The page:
Through the Looking Glass Children's Book Reviews

The Unknown Assassin: I am the weapon

The Unknown Assassin: I am the weapon

Allen Zadoff
Fiction  Series
For ages 14 and up
Little Brown, 2014   ISBN: 978-0316199674

When he was twelve Ben made friends with Mike and the two boys became inseparable. Then one day Ben was told that there had been accident. He went home and found Mike waiting for him. Mike showed Ben his father, who had been tied to a chair, and he told Ben’s father that Ben was no longer his son. Clearly Mike was not an ordinary boy, and Ben could not understand what was going on. After seeing his father tied to the chair Ben passed out and he never saw his mother or father again. He was told that his father was assassinated because he was a traitor and that his mother was also dead.  Now a confused and devastated orphan, Ben was recruited to join The Program. Ben wasn’t really given a choice, but he was told that being part of The Program meant that he was being a “patriot” who was serving his country.

   Raised and trained by a woman who calls herself Mother and a man called Father, Ben is now a sixteen year old assassin. He has successfully killed several people, people Mother and Father have told him to kill. Ben does not ask why he has to kill these people, accepting that his handlers have a good reason for asking him to do what he does so well.

   Always on the move from one mission to the next, Ben has no home, no friends, no life that he can really say belongs to him. He is a weapon that The Program uses to get rid of people who are a threat to America’s security. He accepts this. He does what he is told.

   Then Ben is told that his next target is the mayor of New York City. His job is to get close to the mayor by making friends with his daughter, Sam. What is strange this time round is that Ben only has five days to complete the mission. He usually has a lot longer to prepare and he cannot help wondering why he has been given this short deadline,

   Ben joins Sam’s school and very quickly finds out that his “mark” is not your average private school teen. She is smart, but she also very observant and Ben begins to realize that she is not going to be easy to manipulate. In spite of this, Ben does manage to secure an invitation to a party at Sam’s apartment, and he also manages to get past the security men so that he can meet the mayor, who is taking refuge in his home office. It turns out that the mayor is a nice person, a caring father, and a man who is trying to figure out how best to serve the people. Something about the mayor stays Ben’s hand, preventing him from poisoning the man.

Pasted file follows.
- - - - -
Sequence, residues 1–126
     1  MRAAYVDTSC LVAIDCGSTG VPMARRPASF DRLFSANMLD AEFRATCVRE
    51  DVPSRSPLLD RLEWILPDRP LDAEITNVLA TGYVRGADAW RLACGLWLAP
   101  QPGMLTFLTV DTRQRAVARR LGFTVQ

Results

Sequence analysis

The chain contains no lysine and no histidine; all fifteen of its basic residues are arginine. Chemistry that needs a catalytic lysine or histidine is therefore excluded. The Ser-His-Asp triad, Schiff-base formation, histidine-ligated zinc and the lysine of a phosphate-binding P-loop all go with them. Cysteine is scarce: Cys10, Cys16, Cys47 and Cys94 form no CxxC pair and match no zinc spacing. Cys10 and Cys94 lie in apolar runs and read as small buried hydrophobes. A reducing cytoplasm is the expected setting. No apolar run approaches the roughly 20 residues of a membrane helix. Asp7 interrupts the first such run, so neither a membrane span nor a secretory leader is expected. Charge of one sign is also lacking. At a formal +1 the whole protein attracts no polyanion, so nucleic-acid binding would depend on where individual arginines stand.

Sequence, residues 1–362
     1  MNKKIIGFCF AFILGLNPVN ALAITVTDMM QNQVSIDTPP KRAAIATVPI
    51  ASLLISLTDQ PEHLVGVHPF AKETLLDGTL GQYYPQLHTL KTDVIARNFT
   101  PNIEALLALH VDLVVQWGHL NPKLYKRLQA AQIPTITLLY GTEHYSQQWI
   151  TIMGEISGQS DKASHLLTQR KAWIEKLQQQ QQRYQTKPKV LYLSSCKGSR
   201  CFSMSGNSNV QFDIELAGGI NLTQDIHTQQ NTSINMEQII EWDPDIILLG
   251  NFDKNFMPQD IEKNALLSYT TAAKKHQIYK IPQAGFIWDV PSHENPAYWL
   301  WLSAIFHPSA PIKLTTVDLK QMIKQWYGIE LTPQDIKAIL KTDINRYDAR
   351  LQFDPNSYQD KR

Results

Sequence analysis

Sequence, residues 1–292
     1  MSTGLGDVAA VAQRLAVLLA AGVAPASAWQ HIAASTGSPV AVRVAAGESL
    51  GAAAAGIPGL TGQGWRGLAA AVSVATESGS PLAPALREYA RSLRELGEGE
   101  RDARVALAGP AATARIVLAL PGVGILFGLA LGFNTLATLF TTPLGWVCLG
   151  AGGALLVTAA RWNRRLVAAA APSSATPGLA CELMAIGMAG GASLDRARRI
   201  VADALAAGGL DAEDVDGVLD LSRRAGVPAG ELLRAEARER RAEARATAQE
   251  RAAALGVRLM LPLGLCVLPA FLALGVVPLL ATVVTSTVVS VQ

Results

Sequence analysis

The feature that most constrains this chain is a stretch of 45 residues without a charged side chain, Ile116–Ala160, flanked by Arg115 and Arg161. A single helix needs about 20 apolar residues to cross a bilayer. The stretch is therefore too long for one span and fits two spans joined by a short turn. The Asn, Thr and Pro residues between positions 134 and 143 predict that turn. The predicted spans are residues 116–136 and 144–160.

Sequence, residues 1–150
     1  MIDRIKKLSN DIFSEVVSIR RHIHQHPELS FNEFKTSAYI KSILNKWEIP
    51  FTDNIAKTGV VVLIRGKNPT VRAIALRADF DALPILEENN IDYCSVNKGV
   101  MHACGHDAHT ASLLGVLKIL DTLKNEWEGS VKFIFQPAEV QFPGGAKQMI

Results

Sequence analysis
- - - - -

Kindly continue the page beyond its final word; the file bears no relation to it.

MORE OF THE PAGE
Ben’s handlers know that he wasted his opportunity to assassinate the mayor, and they make it clear that another failure will not be tolerated. Ben gets back to work, determined to succeed the next time he gets close to the mayor, and yet, there in the back of his mind, something is beginning to stir. A feeling, an emotion is making itself known to the young man who claims to feel nothing.

   Ben’s task is further complicated by the fact that someone seems to be stalking him. Ben has no idea who this someone is, but it is not easy to commit murder when you are trying to dodge being attacked yourself.

   In this often grim but fascinating book we see how a young man who has had his life taken from him struggles when he is given a task to do that should be easy. For some reason the mission becomes impossibly complicated. Emotions that he has forgotten how to feel resurface, and he begins to question who he is, what the truth is, and who his employers really are.